A distinctive feature of the electoral ward containing the intended redevelopment site is that its political representation on the council is split. Churchill ward has three councillors: two Labour and one Conservative. The lone Tory is Murad Gassanly, who is also Westminster’s deputy cabinet member for housing. He was invited to attend the first public meeting of residents affected by Grosvenor’s plans, but declined to attend. The reason he gives for that is that it was already clear to him that the campaign would be “initiated and dominated by the Labour Party” – including politicians and activists from other parts of the capital – and he therefore wanted nothing to do with it. Andrea Mann, one of the Labour councillors for Churchill ward, sees the situation differently, saying Gassanly turned down the chance “to work on this together as a cross-party group of councillors helping their local residents”.
There have been some frank exchanges of views about this issue. But is Gassanly right that the Save campaign is Labour-dominated? Does it matter if it is? Certainly, some other significant Labour Party figures have been heavily involved in the campaign, including Mann’s fellow Churchill Labour councillor Shamim Talukder, who is a Walden House tenant. Another of its leading lights is Walden House tenant Liza Begum. She and Talukder are brother and sister, and Begum too is a Labour activist, described by her party earlier this year* as the fundraising officer for Cities of London & Westminster constituency Labour Party.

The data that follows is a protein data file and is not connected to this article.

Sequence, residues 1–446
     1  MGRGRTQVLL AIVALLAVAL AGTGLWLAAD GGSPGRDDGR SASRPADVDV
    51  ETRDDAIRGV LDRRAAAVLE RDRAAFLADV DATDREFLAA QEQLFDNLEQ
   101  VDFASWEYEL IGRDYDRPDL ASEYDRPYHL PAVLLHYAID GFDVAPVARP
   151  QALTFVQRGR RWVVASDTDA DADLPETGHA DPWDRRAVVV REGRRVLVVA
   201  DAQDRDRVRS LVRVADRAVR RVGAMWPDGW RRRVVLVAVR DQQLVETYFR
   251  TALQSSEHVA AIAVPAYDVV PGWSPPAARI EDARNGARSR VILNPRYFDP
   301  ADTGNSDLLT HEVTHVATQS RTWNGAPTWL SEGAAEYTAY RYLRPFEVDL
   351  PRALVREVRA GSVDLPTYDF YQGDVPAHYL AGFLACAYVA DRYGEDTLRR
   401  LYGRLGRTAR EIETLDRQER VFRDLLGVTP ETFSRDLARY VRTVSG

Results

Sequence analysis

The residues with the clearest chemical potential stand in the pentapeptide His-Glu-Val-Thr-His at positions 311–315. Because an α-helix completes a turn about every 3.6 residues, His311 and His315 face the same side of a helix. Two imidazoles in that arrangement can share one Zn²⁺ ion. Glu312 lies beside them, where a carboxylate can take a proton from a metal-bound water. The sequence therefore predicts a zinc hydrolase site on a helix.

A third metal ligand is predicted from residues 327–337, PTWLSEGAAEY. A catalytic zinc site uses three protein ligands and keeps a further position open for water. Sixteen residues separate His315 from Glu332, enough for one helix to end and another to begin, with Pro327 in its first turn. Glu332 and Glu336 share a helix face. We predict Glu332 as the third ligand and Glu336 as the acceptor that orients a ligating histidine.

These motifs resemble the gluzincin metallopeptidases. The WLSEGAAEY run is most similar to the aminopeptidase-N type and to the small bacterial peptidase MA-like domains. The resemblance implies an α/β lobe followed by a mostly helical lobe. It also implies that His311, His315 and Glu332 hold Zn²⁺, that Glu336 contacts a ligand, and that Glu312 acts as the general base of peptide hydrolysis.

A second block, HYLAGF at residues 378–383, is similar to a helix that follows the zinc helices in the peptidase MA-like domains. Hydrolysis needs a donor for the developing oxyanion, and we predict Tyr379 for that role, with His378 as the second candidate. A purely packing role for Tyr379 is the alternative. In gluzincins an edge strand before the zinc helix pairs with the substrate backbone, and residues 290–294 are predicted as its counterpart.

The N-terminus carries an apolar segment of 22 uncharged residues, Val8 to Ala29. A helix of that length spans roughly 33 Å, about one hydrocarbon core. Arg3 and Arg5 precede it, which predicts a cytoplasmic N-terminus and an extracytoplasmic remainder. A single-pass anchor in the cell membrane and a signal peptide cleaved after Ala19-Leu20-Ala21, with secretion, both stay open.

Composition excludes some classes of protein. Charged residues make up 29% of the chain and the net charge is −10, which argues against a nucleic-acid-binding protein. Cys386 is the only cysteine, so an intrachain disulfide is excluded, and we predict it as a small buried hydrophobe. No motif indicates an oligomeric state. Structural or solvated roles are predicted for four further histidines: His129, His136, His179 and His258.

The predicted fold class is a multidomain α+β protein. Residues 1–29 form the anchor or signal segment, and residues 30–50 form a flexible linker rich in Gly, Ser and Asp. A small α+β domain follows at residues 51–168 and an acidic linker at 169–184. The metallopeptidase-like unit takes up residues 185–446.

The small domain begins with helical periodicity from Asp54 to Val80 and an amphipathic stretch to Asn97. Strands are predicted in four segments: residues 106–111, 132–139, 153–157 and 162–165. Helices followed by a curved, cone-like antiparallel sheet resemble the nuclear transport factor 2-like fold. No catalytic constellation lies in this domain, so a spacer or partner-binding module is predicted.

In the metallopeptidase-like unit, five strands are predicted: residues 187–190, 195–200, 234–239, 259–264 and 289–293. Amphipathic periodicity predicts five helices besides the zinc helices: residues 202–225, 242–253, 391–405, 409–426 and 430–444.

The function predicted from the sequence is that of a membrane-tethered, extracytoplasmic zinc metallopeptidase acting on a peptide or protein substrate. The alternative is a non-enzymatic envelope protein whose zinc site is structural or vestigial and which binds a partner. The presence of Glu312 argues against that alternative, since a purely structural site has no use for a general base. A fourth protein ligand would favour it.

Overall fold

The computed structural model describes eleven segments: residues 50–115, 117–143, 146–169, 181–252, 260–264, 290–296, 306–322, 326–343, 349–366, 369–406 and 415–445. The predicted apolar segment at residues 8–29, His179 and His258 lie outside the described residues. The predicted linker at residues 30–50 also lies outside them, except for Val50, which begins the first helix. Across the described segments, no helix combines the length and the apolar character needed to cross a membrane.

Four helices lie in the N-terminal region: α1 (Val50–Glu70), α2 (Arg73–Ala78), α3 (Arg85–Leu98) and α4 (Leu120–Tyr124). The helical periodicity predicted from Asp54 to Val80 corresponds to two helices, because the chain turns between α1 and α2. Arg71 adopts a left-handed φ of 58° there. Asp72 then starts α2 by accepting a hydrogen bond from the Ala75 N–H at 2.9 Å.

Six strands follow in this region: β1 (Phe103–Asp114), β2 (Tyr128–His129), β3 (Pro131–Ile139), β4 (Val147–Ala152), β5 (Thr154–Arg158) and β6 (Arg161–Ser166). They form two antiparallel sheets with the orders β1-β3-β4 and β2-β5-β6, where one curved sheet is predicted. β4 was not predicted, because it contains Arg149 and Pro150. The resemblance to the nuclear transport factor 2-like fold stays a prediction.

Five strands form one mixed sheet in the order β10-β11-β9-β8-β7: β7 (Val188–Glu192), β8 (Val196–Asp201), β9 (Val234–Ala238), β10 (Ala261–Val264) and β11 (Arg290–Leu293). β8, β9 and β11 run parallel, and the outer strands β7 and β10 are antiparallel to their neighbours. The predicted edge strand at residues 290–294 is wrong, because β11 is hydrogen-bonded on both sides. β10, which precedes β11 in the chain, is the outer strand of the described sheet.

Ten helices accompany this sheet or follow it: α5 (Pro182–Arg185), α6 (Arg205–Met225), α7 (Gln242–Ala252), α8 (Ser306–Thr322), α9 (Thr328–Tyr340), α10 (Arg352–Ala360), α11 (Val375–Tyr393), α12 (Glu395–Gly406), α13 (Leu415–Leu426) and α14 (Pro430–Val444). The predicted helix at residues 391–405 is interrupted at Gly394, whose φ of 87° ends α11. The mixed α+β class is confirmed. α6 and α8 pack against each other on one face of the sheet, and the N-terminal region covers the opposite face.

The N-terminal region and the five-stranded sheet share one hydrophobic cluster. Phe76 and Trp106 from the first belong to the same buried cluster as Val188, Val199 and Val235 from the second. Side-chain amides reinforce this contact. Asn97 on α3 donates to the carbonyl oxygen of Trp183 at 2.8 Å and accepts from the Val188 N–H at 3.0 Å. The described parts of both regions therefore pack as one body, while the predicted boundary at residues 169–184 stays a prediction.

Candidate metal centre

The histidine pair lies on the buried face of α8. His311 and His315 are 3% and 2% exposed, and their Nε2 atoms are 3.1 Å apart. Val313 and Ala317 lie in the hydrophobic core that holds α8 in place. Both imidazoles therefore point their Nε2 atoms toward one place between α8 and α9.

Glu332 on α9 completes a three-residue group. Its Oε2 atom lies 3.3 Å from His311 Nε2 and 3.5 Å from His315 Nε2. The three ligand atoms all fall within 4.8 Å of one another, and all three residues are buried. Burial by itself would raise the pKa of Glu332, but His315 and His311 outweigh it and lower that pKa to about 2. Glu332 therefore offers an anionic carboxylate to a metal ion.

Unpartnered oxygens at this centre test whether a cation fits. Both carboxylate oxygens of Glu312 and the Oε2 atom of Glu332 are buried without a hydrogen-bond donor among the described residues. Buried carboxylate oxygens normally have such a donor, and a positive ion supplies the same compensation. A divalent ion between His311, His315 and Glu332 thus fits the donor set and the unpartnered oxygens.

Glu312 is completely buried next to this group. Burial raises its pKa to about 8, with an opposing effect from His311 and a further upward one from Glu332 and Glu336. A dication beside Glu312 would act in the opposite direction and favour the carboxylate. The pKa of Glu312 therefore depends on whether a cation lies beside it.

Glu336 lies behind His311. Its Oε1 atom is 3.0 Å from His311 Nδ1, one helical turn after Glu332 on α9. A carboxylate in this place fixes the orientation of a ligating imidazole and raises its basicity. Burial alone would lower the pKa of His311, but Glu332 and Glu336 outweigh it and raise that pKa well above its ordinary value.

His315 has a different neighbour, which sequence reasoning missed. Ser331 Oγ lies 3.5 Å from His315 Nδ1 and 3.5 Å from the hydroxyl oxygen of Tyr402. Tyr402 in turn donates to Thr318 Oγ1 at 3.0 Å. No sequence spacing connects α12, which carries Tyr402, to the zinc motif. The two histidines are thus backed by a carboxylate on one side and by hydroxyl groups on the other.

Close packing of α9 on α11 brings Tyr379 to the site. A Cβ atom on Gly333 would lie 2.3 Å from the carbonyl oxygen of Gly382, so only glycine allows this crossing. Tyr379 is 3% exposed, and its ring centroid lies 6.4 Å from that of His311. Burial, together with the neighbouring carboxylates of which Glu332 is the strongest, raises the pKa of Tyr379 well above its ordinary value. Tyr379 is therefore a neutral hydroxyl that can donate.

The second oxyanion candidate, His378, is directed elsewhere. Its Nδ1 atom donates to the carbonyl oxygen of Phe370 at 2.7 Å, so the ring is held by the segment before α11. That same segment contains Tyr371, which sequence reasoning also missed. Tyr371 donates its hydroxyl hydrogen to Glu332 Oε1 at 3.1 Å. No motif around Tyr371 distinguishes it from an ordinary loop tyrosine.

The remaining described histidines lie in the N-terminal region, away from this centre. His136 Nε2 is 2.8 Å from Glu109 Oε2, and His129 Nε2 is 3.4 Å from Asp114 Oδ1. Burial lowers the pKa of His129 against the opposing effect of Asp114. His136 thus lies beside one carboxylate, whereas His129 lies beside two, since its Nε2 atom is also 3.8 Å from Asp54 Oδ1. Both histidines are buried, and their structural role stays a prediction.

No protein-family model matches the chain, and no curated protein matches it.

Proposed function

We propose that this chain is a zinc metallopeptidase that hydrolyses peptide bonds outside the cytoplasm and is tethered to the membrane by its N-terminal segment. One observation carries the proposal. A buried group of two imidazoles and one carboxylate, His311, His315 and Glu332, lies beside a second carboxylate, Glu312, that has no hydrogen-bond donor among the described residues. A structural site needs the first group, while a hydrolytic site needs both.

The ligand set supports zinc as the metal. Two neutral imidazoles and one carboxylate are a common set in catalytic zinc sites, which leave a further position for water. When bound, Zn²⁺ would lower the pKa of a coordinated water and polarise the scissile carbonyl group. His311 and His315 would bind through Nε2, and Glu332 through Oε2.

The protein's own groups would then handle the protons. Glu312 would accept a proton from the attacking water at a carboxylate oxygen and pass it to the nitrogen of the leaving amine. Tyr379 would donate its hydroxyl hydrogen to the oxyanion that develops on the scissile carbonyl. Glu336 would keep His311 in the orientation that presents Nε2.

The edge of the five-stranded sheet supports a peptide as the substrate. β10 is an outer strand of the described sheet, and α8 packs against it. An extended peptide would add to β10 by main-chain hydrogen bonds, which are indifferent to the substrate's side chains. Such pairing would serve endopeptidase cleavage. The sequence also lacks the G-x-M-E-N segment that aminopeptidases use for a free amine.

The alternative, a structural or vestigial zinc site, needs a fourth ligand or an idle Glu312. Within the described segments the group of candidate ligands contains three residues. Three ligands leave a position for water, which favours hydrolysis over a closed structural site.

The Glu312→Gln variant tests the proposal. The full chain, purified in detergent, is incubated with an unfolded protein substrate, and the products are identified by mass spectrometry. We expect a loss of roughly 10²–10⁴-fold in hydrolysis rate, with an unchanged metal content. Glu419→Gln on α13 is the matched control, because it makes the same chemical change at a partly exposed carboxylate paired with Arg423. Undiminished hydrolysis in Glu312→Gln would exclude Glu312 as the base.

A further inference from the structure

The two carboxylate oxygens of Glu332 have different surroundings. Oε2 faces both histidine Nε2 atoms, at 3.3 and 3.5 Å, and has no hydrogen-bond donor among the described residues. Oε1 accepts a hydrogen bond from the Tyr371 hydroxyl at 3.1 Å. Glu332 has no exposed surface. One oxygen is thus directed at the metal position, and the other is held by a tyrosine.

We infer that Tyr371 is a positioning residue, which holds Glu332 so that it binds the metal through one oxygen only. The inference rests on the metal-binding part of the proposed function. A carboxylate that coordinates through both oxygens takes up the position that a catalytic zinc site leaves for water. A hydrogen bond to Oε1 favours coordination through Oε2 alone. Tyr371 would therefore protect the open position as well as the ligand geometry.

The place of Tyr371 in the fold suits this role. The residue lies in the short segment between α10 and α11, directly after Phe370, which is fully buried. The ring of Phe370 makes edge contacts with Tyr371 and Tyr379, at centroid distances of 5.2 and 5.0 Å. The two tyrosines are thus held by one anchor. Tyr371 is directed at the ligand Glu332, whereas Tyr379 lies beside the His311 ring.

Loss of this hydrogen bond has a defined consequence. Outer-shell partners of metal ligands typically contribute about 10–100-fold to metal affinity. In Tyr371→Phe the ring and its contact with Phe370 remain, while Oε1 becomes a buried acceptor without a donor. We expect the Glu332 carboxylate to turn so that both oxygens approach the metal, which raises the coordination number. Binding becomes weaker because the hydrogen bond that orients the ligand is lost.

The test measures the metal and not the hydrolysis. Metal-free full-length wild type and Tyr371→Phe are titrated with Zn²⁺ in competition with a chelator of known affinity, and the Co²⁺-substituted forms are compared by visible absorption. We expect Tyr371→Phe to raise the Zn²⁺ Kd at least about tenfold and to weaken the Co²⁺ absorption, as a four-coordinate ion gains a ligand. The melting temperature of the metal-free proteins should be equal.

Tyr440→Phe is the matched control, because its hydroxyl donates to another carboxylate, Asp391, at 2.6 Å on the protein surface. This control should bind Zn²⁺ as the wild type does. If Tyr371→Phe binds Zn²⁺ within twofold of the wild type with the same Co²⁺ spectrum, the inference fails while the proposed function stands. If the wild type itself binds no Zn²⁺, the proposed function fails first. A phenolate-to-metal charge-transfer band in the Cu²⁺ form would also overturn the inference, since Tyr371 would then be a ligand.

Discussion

There is, of course, nothing inherently wrong with activists from any political party being closely involved in campaigns about neighbourhood issues of whatever kind. Indeed, the Momentumised Labour Party of Jeremy Corbyn sees such grassroots mobilisation as exactly the sort of thing Labour members should be involved with. Is there, though, a sense in which the Save campaign presents itself as something slightly other than what it really is? For example, Begum does not mention the Labour Party in her Twitter profile or when tweeting about the campaign. And her Labour activism has not been mentioned in any of the media coverage of the campaign in which she has appeared.
Again, does that matter? The question is important because it goes to the heart of a broader one about how the wishes and concerns of London renters whose homes are earmarked by their owners for demolition are represented and addressed. If and when campaigns against regeneration schemes are or become primarily vehicles for wider political projects or are perceived as being so, their effectiveness and credibility can be weakened. In the first case, the views of residents who don’t care for the campaign being waged in their name or don’t share its larger objectives might be in danger of going unheard. In the second case, if a campaign looks to a landlord or local elected decision-makers to be unrepresentative or even a “front” for a party political endeavour, it is easier to justify ignoring it.